[Scribner; 2012]

People like to talk about what they like, writers especially; stereotypically lonely people, inside they are devoted fan boys and fan girls who’ve found a number of ways to worship their idols in print.  The novels of Jonathan Lethem and Michael Chabon are peopled with characters who share the tastes of Jonathan Lethem and Michael Chabon.  Books like Joanna Scott’s Arrogance, a portrait of Egon Shiele told through various fictional perspectives, and Geoff Dyer’s improvisational ode to jazz, But Beautiful, are both successful by the virtuosity of their prose and originality of their approaches.  And then there are monuments like Bruce Duffy’s historically-rooted The World As I Found It, the biographical novel about Wittgenstein, whose life and world is so fully-imagined in the book that it isn’t important to readers where Duffy draws the line between fact and fiction.

Whitney Otto’s new novel Eight Girls Taking Pictures is a different breed still; a combination attempt at a crowd-pleaser and an homage.  The novel tells the story of eight female photographers, in eight different chapter/stories, inspired by the lives of real photographers.  In her Author’s Note, Otto leaves the list incomplete, but she includes Imogen Cunningham, Madame Yevonde, Tina Modotti, Lee Miller, Grete Stern, and Ruth Orkin.  Each chapter is introduced by a playing-card-sized photo by the spotlighted artist, and the photograph’s true title, meant to evoke a little “ooh” moment when readers get to the scene where the picture is snapped. But the photographers-as-characters are given fictional names; Lee Miller is Ellen “Lenny” Van Pelt, Imogen Cunningham is Cymbeline Kelley, Man Ray makes a cameo as someone called Tin Type, although Hannah Hoch and Diane Arbus, who are only mentioned by the characters, are allowed their real names.  The “rules” of Otto’s semi-fiction don’t feel firmly established, but perhaps that’s ok; perhaps this isn’t that sort of book.  It’s the sort of book you buy for your mom because she loved Otto’s 1992 bestseller, How to Make an American Quilt  (at least the film version—she can’t actually remember if she even read the book-book) and because Monet is her favorite painter and Beethoven is her favorite composer, and you want to give her a little cultural boost, just one rung up the ladder, and yet you don’t want to frighten her with anything that looks intimidating, or too much like a book about “art.”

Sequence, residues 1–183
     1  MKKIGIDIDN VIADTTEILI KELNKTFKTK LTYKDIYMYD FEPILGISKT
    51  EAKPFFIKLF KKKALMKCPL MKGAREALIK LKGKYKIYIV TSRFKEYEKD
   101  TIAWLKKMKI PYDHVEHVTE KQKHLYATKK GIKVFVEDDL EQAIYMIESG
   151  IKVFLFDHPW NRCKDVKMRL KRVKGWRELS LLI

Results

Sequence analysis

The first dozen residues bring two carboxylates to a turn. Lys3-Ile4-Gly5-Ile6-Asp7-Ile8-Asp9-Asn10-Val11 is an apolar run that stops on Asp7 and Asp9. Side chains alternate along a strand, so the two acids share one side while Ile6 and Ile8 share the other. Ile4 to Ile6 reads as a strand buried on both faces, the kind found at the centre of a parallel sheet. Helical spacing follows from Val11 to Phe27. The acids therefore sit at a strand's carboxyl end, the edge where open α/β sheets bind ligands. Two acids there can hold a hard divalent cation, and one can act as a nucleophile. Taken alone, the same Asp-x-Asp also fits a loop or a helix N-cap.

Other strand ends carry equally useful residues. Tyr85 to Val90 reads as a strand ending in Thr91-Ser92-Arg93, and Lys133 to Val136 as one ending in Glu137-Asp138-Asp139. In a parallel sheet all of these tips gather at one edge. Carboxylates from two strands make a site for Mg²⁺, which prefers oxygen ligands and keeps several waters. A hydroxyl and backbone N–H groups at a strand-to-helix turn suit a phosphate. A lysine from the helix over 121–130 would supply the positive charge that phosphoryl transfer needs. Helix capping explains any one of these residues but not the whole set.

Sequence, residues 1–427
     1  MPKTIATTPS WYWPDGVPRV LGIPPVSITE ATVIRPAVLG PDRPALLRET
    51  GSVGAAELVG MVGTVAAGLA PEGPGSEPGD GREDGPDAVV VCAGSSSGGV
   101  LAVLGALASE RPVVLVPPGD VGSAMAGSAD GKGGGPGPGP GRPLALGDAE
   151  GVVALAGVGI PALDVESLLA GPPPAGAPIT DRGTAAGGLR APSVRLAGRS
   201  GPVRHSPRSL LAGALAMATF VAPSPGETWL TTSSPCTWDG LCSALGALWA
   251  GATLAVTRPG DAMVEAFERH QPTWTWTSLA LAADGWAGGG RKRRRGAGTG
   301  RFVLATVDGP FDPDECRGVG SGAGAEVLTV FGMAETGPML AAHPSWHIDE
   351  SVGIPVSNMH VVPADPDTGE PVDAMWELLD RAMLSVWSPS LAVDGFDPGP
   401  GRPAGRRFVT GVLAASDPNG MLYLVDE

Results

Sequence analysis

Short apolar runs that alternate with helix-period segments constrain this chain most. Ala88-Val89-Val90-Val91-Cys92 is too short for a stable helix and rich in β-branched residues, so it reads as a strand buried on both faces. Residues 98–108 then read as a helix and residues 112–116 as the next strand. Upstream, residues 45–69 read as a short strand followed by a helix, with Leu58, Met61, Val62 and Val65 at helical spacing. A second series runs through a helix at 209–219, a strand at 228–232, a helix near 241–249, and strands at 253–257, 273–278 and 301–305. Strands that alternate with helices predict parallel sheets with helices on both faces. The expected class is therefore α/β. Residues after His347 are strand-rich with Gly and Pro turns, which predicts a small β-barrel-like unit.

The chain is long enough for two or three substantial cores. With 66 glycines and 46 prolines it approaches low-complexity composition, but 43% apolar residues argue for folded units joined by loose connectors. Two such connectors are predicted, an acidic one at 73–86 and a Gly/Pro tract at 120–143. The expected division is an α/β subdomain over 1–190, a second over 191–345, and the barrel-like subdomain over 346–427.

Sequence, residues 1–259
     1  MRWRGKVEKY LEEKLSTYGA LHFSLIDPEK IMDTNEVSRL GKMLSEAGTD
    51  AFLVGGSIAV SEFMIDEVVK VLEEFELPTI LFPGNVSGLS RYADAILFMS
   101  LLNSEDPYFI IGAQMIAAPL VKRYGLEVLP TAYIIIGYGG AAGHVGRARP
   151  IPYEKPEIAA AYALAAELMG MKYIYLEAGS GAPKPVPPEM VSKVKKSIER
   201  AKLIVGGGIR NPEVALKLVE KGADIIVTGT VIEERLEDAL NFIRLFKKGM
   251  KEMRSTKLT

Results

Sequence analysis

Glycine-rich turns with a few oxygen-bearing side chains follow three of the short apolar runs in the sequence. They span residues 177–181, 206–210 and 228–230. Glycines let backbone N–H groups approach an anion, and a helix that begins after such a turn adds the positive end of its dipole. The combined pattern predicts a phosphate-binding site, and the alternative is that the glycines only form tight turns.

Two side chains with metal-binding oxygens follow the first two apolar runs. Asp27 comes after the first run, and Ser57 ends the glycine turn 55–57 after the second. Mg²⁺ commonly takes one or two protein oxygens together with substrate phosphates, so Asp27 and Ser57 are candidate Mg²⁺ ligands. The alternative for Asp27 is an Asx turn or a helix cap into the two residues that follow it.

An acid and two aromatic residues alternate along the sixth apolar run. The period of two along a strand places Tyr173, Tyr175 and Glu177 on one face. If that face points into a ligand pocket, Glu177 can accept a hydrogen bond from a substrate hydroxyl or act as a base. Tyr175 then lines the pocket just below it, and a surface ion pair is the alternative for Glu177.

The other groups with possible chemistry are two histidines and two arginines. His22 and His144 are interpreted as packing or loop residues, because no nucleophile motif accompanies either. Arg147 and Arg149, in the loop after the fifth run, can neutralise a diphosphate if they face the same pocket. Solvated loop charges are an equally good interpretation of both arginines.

Following the text Otto writes, “This novel is my love letter, my mash note, my valentine to these women photographers, whom I have loved for most of my adult life.”  The line feels almost like a disclaimer or a request for pardon: read kindly, please!  It’s about something I really, really care about!  By about chapter three, the disclaimer makes sense.  Eight Girls can’t quite carry its own weight without the prop of Otto’s personal endorsement.  The settings are set by long lists of New York’s noises and Mexico City’s smells that seem to have come from a creative writing classroom exercise, and the romance—the dangerous eyes and coy dialogue—is unimaginative at best, corny at worst.  While Otto asks us not to take the stories for biographies, many of the chapters work to contain the entire arc of an artist’s life within the space of forty pages.  The emphasis is on the girl over the pictures in the book, and the particular dilemmas that come to women artists, particularly the question of what to do about the kids: